French President Emmanuel Macron has warned of the potential for "conflict" after Iran announced plans to boost its uranium-enrichment capacity following the U.S. decision to withdraw from its nuclear deal with world powers.
At a press conference with visiting Israeli Prime Minister Benjamin Netanyahu in Paris late on June 5, the French leader called on "everyone to stabilize the situation and not give into this escalation, which would lead to only one thing: conflict."
He said that the Iranian decision to expand its nuclear infrastructure did not constitute grounds for quitting the 2015 agreement, which gave Iran sanctions relief in exchange for curbs on its uranium enrichment and other nuclear activities.
Despite the vows of European leaders to keep honoring their end of the deal, Iran's announcement that it will move toward restarting more intensive uranium-enrichment activities -- even as it vowed to continue adhering to the deal -- showed how close the agreement is to collapsing entirely, Macron said.
"It simply shows that when you decide to unilaterally end an accord it does not encourage the other party to respect it," the French leader said in a blunt rebuke to U.S. President Donald Trump and his decision to withdraw from the deal.
Netanyahu, who originally travelled to Europe this week to defend the U.S. decision, told the news conference that he did not attempt to convince Macron to follow the U.S. example and abandon the deal because he believes it will die from its own weight.
"I did not ask President Macron to leave the deal because I think it is basically going to be dissolved by the weight of economic forces," he said.
Netanyahu was apparently referring to decisions by Total, Allianz, LUKoil, Reliance, and other global businesses in the last month to reconsider doing business with Iran because of the threat of billion-dollar fines that could be imposed by the United States for violating U.S. sanctions that are due to be reinstated under Trump's decision.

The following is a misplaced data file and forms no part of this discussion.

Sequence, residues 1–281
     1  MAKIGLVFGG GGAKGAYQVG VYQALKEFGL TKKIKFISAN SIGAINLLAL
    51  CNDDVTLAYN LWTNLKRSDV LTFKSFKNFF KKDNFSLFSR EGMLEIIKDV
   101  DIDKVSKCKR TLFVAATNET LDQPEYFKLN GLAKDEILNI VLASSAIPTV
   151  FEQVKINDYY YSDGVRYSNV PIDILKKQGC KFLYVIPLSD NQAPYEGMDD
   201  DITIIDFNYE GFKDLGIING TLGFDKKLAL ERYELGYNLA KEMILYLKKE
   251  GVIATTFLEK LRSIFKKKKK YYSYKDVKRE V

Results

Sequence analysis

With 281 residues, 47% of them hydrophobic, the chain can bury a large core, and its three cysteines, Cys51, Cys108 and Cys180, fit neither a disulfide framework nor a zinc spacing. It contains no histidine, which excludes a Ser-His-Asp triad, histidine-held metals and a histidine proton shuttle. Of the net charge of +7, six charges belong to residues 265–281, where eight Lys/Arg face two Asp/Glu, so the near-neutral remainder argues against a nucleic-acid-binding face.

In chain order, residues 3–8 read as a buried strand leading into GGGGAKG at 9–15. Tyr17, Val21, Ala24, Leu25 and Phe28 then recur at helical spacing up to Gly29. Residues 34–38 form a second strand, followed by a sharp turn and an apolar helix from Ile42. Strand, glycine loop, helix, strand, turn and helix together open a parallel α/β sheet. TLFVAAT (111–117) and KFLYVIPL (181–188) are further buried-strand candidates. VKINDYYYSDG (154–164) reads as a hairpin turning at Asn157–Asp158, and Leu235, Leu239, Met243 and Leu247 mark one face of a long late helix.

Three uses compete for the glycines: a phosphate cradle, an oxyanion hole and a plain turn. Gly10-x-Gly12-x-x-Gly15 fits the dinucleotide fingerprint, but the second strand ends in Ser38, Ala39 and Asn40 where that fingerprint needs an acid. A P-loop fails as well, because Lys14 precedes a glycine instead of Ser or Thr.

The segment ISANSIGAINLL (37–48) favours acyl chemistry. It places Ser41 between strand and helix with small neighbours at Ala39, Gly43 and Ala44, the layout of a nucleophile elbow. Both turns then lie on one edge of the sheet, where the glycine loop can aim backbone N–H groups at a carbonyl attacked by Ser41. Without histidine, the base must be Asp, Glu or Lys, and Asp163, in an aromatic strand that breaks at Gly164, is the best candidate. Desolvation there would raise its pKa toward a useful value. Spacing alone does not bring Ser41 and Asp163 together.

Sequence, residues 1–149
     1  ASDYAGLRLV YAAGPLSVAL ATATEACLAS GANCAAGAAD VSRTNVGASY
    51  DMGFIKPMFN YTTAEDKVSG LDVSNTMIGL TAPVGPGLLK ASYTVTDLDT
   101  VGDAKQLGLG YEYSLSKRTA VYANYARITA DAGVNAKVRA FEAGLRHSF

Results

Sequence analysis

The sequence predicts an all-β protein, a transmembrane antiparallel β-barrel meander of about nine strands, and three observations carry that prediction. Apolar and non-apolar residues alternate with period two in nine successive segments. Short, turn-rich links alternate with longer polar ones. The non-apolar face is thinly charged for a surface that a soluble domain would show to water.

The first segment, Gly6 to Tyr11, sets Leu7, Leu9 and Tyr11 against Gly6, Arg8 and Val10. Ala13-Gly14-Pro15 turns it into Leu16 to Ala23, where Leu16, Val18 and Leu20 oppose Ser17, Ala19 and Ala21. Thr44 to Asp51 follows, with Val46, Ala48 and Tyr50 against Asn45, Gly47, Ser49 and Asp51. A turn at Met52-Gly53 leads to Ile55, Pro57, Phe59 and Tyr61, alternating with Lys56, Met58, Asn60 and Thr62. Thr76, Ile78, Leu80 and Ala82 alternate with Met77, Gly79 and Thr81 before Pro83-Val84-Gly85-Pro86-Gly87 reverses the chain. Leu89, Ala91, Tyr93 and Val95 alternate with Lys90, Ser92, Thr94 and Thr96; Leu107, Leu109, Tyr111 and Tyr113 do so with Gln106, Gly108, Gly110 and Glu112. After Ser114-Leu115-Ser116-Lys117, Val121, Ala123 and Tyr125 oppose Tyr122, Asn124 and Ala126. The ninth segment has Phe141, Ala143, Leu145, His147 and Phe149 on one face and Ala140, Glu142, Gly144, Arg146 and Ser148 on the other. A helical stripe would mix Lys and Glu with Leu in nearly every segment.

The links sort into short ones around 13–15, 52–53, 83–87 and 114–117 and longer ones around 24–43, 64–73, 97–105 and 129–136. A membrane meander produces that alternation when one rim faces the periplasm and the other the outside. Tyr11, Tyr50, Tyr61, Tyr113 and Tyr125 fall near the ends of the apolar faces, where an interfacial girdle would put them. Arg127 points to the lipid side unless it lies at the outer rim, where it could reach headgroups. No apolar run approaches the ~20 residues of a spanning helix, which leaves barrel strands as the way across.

France's PSA, which manufactures Peugeot and Citroen cars, this week became the latest major Western business to announce it plans to pull out of Iran, where it sold nearly 445,000 cars last year.
Netanyahu said that in his meeting he sought to persuade the French leader to focus on "how to stop Iranian aggression in the region."
He claimed Tehran was using the "cash bonanza" from sanctions relief under the nuclear deal to build up its forces in Syria with the intent of using that as a platform for staging attacks on Israel.
In his tour of Europe, Netanyahu has warned that the growing presence of Iran's Shi'ite militias and military advisers, along with Shi'ite allies like Lebanon's Hizballah, in a Sunni majority country like Syria has the potential to "spark another religious war" that will send refugees flooding into Europe.
Meanwhile, Iran defended its notification to the International Atomic Energy Agency on June 5 that it will soon open a new center for producing new centrifuges to increase its uranium-enrichment capabilities.
Iranian Vice President Ali Akbar Salehi, who heads the country's Atomic Energy Organization, said the move was allowed under the nuclear accord, and did not mean Tehran's efforts along with European powers to keep the deal alive "have failed."
The European Union said a first assessment indicated the new steps announced by Iran did not constitute a violation of the agreement.
"However, at this particularly critical juncture, they will not contribute to build confidence in the nature of the Iranian nuclear program," Maja Kocijancic, spokeswoman for EU diplomatic chief Federica Mogherini, told AFP.
Iran has insisted its nuclear program is for civilian purposes only. But Netanyahu insisted Iran's move was aimed at restarting its program to produce nuclear weapons capable of "destroying the state of Israel."
"We are not surprised [by Iran’s announcement]," he said in a video statement. “We will not allow Iran to obtain nuclear weapons."